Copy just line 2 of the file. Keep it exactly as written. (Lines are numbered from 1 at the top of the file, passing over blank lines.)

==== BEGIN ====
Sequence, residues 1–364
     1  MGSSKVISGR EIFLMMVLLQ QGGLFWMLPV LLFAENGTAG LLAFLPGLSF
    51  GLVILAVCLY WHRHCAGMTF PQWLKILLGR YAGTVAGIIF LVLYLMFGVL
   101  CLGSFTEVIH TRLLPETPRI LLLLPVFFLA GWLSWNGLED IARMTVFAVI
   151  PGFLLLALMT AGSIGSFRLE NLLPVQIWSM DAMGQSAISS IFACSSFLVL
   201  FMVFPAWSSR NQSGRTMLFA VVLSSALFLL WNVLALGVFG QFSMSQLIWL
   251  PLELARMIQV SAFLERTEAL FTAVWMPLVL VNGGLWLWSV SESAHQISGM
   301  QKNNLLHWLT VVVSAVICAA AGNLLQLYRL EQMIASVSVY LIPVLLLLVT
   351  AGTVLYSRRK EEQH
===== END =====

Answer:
     1  MGSSKVISGR EIFLMMVLLQ QGGLFWMLPV LLFAENGTAG LLAFLPGLSF